Incenter of a triangle

1 Star2 Stars3 Stars4 Stars5 Stars (No Ratings Yet)
Loading...

Drawing of the incenter of a triangle as the intersection of the three bisectors

The incenter of a triangle (I) is the point where the three interior angle bisectors (Ba, Bb y Bc) intersect.

The angle bisector of a triangle is a line segment that bisects one of the vertex angles of a triangle, and it ends on the corresponding opposite side.

Drawing of the three bisectors of a triangle, the incenter and the inscribed circle

As we can see in the picture above, the incenter of a triangle (I) is the center of its inscribed circle (or incircle) which is the largest circle that will fit inside the triangle.

The radius (or inradius) of the incircle is found by the formula:

Formula for the inradius inscribed in the triangle with center at the incenter

Where is the Incenter of a Triangle Located?

The incenter (I) of a triangle is always inside it.

Download this calculator to get the results of the formulas on this page. Choose the initial data and enter it in the upper left box. For results, press ENTER.

Triangle-total.rar         or   Triangle-total.exe      

Note. Courtesy of the author: José María Pareja Marcano. Chemist. Seville, Spain.

Relationship between Inradius and Area

The inradius (or incircle’s radius) is related to the area of the triangle to which its circumference is inscribed by the relation:

Formula for the ratio of radius, area and semiperimeter

If is a right triangle this relation between inradius and area is:

Radius formula in the right triangle

Incenter Theorem

Drawing of the incenter theorem

The incenter I of a triangle Δ ABC divides any of its three bisectors into two segments (BI and IP, as we see in the picture above) which are proportional to the sum of the sides (AB and BC) adjacent to the relative angle of the bisector and to the third side (AC):

Incenter theorem formula

Angle Bisector Theorem

Drawing the Bisector Theorem

The angle bisector theorem states than in a triangle Δ ABC the ratio between the length of two sides adjacent to the vertex (side AB and side BC) relative to one of its bisectors (Bb) is equal to the ratio between the corresponding segments where the bisector divides the opposite side (segment AP and segment PC).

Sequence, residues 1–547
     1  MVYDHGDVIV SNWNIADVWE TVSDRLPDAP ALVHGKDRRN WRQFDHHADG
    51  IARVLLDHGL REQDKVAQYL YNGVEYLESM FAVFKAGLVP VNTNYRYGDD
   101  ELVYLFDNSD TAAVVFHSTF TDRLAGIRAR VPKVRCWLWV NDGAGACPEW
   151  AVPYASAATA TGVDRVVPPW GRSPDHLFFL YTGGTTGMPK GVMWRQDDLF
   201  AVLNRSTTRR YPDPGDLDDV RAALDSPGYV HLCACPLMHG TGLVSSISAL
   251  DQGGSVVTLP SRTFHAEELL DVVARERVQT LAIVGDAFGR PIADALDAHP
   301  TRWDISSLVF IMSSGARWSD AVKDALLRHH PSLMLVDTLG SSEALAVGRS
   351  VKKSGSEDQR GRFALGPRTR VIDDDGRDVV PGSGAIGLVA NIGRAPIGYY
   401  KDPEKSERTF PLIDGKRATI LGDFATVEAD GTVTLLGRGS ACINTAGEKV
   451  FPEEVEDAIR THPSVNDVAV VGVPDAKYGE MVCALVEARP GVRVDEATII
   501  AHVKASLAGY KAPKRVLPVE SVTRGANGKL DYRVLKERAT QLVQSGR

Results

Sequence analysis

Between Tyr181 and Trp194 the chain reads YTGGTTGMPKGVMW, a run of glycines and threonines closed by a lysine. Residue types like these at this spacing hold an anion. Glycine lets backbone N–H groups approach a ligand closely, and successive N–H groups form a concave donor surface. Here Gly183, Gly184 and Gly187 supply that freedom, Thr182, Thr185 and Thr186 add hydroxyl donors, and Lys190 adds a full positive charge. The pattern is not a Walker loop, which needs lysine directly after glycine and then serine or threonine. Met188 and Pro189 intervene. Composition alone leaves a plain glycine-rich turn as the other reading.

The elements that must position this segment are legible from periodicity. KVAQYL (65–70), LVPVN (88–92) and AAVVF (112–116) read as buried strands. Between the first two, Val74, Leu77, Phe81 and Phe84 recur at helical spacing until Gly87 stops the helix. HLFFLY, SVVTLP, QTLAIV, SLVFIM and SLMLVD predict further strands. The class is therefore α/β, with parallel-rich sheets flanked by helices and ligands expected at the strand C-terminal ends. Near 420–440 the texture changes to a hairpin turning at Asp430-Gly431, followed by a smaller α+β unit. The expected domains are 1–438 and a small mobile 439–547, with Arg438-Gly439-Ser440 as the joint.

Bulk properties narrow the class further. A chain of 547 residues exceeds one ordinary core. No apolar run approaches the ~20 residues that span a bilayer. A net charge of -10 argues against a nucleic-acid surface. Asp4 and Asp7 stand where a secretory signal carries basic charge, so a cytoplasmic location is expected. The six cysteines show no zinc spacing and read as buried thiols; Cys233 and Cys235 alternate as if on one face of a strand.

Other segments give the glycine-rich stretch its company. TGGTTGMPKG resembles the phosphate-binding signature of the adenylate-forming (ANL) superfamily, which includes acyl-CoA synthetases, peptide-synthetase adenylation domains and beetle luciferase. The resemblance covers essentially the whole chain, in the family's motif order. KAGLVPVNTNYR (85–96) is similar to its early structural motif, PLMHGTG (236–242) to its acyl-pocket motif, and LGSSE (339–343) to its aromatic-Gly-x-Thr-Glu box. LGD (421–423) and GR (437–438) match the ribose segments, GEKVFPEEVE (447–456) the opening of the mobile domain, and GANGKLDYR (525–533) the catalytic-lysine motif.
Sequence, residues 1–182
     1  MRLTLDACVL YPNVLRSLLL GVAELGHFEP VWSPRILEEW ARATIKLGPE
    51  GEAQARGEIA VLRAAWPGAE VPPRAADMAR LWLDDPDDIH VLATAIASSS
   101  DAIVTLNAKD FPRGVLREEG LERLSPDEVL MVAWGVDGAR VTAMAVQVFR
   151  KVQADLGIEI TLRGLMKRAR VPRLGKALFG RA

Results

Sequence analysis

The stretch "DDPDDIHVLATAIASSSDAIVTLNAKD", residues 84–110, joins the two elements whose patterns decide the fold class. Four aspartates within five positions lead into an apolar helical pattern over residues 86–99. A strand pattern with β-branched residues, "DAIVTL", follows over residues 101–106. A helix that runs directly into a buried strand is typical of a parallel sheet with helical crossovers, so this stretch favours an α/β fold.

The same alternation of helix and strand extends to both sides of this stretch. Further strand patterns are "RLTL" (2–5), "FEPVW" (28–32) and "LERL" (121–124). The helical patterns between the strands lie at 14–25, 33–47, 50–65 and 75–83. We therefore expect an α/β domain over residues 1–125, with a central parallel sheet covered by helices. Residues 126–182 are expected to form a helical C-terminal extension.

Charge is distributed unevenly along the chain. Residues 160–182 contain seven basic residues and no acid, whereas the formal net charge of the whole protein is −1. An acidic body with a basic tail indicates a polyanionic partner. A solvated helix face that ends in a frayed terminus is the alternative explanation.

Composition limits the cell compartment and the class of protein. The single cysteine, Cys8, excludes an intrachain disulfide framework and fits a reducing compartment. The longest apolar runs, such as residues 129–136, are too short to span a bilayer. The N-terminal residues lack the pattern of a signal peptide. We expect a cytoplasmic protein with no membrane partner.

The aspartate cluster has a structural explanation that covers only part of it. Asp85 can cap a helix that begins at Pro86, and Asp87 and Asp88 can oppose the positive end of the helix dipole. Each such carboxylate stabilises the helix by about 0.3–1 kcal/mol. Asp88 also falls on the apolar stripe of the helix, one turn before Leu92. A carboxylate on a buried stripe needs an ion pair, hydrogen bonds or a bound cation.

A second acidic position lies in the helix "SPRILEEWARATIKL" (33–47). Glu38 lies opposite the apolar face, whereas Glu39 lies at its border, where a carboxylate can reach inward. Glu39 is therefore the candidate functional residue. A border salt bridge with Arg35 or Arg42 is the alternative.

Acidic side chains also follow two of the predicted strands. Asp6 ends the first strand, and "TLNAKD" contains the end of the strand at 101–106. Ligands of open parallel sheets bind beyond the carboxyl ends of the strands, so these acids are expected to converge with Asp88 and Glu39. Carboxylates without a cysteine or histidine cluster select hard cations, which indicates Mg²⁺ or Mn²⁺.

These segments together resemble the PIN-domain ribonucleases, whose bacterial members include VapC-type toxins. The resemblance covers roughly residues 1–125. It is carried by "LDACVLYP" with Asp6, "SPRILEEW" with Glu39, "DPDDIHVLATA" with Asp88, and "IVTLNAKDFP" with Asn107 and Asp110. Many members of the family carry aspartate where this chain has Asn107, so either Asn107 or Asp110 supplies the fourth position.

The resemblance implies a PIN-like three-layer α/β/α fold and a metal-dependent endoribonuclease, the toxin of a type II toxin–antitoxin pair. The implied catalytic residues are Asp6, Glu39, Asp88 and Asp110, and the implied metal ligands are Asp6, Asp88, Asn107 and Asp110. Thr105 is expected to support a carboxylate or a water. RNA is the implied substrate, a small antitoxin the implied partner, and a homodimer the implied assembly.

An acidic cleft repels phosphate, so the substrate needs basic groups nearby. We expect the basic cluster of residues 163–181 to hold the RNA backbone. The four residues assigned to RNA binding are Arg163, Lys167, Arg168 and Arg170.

In other words, an angle bisector of a triangle divides the opposite side in two segments that are proportional to the other two sides of the triangle.

So, by the angle bisector theorem:

Triangle Bisector Theorem Formula

In addition, but not included in this theorem, it’s also true that:

Calculations in the Triangle Bisector Theorem

Coordinates of the Incenter of a Triangle

We can to locate the coordinates of the incenter I of a triangle Δ ABC if we know the coordinates of its vertices (A, B, and C), and its sides’ lengths (a, b, and c).

Drawing the coordinates of the incenter of a triangle

Note that the coordinates of the incenter I are the weighted average of the coordinates of the vertices, where the weights are the lengths of the corresponding sides. Then, the coordinates of the incenter I is given by the formula:

Formula of the coordinates of the incenter of a triangle

Euler Line

In any non-equilateral triangle the orthocenter (H), the centroid (G) and the circumcenter (O) are aligned. The line that contains these three points is called the Euler line.

Drawing of Euler's line

In an equilateral triangle all three centers are in the same place.

The relative distances between the triangle centers remain constant.

Distances between centers:

It is true that the distance from the orthocenter (H) to the centroid (G) is twice that of the centroid (G) to the circumcenter (O). Or put another way, the HG segment is twice the GO segment:

Formula for the relation of the distances between centers on the Euler line

When the triangle is equilateral, the barycenter, orthocenter, circumcenter, and incenter coincide in the same interior point, which is at the same distance from the three vertices.

This distance to the three vertices of an equilateral triangle is equal to Distance 1 on Euler's Line from one side and, therefore, Distance 1 on Euler's Line to the vertex, being h its altitude (or height).

Exercise 1

Drawing of exercise 1 at the incenter of a triangle

Find the coordinates of the incenter I of a triangle ABC with the vertex coordinates A(3,5), B(4,-1) and C(-4,1).

SOLUTION:

We solve this exercise using an analytical approach. For this, it will be enough to find the equations of two of the angle bisectors. For instance, Ba (bisector line of the internal angle of vertex A) and Bb (that bisects vertex B’s angle).

Finally, we find the point of intersection of both angle bisectors, which it’s the incenter (I) that we are searching for.

Calculation drawing in exercise 1

STEP 1: Find the Equation for the lines of the three sides.

We find the equations of the three lines that pass through the three sides of the triangle Δ ABC. Each one is obtained because we know the coordinates of two points on each line, which are the three vertices. The general equation of the line that passes through two known points is: